A. Market competition is the only way to protect owners and to ensure that they are paid fairly (as they individually see it) for the use of their works—not litigation. Google’s licenses of competitors of the use of the scan set should be overseen by the Library of Congress, the Copyright Office, and/or SDNY. The emphasis should be on free or low cost availability of the scan set to all Google competitors. Google may recoup basic costs of production only—not of development, overhead, or any marketing. Google’s marketing includes all costs it incurred in this litigation. Google freely chose to take all business risks of running an online publishing and product development research business using others’ copyrights. It may not transfer those costs to copyright owners, or to its competitors who chose instead to heed the law.

B. Google must make freely available to the general public aggregate hit and viewtime data, and a “most viewed” listing of authored works and inserts. This is not Google data. It is all of our data, a public asset. In disaggregated form related to each work, it is its owner’s data, to whom Google owes a full accounting. Google may not monetize this data for itself without obtaining owner permission for that use. Nor may Google keep this data secret as if it were its own trade secret. Google is currently obstructing owners from obtaining their data by imposing confidentiality agreements upon owners, publishers, and literary agents. It may not do this, nor may it collude with publishers to mask the sales, hits, views, viewtimes and other accounting data that is due to its ultimate owners, the authors. Most publishers are partners of authors in book contracts. Publishers do not have the right to exclusively control any work exclusive of that work’s author, particularly as to matters as to which there has been no specific meeting of the minds.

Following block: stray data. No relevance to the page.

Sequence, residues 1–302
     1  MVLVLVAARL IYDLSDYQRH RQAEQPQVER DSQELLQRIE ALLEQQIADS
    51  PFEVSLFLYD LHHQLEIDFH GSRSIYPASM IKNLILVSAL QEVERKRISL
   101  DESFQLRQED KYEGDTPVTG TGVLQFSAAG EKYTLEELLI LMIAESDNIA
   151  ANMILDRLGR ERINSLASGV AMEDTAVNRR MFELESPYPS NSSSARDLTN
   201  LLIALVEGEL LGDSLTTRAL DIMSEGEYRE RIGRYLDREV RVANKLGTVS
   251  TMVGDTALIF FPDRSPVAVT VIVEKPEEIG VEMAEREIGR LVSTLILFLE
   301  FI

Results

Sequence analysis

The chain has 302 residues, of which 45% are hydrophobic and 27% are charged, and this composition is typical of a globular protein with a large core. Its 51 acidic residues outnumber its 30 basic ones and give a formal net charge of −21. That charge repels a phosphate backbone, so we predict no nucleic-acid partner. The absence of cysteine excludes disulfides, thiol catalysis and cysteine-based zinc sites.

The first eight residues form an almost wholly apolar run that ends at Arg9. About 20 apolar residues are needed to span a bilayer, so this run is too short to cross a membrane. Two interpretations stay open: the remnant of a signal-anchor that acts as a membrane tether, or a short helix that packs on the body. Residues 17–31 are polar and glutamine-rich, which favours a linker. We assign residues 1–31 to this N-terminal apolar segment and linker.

C. Each owner must have the right to audit Google. Since Google has no cost issues relating to print publication, Google should account in far greater detail, online, on an ongoing basis, to all owners and for an unlimited number of years, but at least back to 6 years, a standard state statute of limitations period for contract claims. Cumulative totals as to hits, uniques, viewtimes, referrer data and the like, and a reasonable number of filters per work, per page, per time period, etc, must be provided. Google can do this with ease. It is good business for it to do so.

D. Google must portal estimates of all matters under its control such as autopricing, or snippet sizing per work type, and the like, for owners to consider as decide online whether to set their own book prices, or to allow Google do so on their behalf.

E. No “Registry” may be invented in this litigation. Google is directly responsible to each owner for all its business activities concerning their works, and for all costs of those activities. No owner shall be “deemed” to have delegated their authority over their works to any third party by virtue of this litigation. Such delegation by individuals is only as provided by the law and equity of contract and copyright.